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Capturing Better Portraits Between Poses


If you do portraiture of any kind you are probably used to people giving one look when the camera is away from them and another when it is on them. This is the unfortunate game of the portrait photographer.

For my own work, I find that many of the most poignant portraits of people are the ones in between the actual ‘portraits’ taken during a session. These are the moments when your subject is at ease, in their element, thinking about something, and when they have the most interesting expressions.

So how do you capture these and take better portraits?

Paul KostabiThere is an important reason for taking your time to do a portrait session. It gives your subject time to get comfortable with you and the way you work. You can go through multiple backgrounds and ideas, and it is common for subjects to get over the initial portrait trepidation as the time goes on. That deer in headlights look will often (but not always) go away as they get used to how you work and what you want from them. This is the reason that you do not want to start off right away with your best idea because that will often be at their most uncomfortable moment.  Wait until they seem comfortable and in the right mindset.

Give them direction, especially at first. When people do a portrait session they want to be told what to do, even if you want them to just be natural. Talk to them about what you’re doing and what you want from them. Do you want them to give you an emotion? How are their hands and arms? How is their posture?  Where should they stand? I personally prefer to engage the subject and get them standing and interacting in a natural way, but often I will pose people at the beginning just so they feel confident that I know what I’m doing. Then over time I will start trying to get them to pose in ways that feel the most natural for them, as they get more comfortable with what they are doing.

The main key to this is that you want to get them interacting with you. Some types of shots are better posed of course, but you want them in some sort of moment. When they feel something, or think about something interesting, that feeling will shine through in the photograph.

Talk about the person’s life. Get to know them. Ask them questions and get them thinking introspectively. Tell them this is part of the process so they don’t feel uncomfortable or unsure of what to do when they are talking. This is one of the reasons that I sometimes like to interview people as part of portrait sessions. Then, within the interview, right after they have finished talking about something interesting or emotional, I will stop them and ask them to stay just like that and I will take their photo.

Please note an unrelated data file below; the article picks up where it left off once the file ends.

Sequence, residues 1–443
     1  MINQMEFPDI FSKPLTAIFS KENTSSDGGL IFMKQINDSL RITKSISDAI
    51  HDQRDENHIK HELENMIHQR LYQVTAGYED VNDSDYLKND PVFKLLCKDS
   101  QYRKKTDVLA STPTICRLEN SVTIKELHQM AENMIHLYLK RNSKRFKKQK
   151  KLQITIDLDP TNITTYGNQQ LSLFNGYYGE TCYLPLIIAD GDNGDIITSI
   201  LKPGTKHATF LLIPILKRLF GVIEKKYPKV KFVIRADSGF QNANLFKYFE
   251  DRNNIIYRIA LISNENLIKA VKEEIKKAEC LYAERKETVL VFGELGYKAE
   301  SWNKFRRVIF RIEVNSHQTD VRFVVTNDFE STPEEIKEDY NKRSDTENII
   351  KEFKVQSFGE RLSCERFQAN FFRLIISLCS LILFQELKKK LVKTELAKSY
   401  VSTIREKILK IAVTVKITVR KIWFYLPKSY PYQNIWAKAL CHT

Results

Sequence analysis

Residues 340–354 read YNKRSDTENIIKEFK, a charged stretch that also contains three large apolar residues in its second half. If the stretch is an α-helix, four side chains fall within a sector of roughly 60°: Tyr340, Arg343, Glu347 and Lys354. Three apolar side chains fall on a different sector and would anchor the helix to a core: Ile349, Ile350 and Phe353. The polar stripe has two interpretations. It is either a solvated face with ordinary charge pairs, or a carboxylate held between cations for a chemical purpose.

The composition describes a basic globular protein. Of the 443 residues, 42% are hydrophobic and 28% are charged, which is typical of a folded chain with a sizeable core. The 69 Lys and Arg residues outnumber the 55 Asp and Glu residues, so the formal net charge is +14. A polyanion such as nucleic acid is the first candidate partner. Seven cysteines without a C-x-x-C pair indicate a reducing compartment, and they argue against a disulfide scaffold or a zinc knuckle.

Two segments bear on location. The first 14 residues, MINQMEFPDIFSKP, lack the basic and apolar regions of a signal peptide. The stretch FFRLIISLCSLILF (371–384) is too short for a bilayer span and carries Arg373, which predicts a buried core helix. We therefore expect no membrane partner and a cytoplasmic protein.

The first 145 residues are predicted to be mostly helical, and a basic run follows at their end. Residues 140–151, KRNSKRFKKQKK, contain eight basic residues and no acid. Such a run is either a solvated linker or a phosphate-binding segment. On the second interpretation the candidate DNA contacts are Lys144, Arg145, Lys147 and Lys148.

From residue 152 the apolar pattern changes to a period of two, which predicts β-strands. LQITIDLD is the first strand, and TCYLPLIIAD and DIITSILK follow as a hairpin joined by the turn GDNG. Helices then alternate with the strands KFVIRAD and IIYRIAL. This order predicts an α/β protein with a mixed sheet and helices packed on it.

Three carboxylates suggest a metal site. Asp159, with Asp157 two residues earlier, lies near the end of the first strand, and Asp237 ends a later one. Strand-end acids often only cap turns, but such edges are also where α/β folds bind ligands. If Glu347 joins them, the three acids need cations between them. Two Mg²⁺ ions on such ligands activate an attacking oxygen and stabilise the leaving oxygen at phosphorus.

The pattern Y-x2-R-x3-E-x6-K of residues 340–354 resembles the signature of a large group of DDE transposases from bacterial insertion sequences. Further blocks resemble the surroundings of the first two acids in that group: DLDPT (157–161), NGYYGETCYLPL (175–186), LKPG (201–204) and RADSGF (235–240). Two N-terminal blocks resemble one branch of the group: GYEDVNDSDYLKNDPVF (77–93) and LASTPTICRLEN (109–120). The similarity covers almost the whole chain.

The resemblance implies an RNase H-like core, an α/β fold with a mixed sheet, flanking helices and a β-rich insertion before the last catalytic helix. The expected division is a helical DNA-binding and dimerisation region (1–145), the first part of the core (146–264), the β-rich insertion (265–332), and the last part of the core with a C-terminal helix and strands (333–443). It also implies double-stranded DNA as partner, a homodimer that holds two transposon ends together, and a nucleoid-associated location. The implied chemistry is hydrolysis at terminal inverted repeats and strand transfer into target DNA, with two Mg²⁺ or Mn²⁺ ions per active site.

Sometimes you even have to fake people out. Tell them that you are just taking a few shots to test the light and to relax for a moment. Some of my best images have been taken that way.

There are ebbs and flows in a portrait session. Sometimes it makes you feel like a boxer, bobbing and weaving with what they give you. Other times you will feel like a psychiatrist, trying to bring something out of them. If someone starts to look more and more uncomfortable, don’t keep photographing them hoping they’ll start to get better. Break them out of it by asking them to move to another location or take a break. Keep them on their toes and engaged.

All subjects are different and will react differently to you, but the key is always that you must find ways to get through to them . Then to have the wherewithal to be able to catch the moment once they finally give it to you, because often the best moments are quick and fleeting.

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James Maher
James Maher

is a professional photographer based in New York, whose primary passion is documenting the personalities and stories of the city. If you are planning a trip to NYC, he is offering his new guide free to DPS readers, titled The New York Photographer’s Travel Guide.
James also runs New York Photography Tours and Street Photography Workshops and is the author of the e-book, The Essentials of Street Photography.

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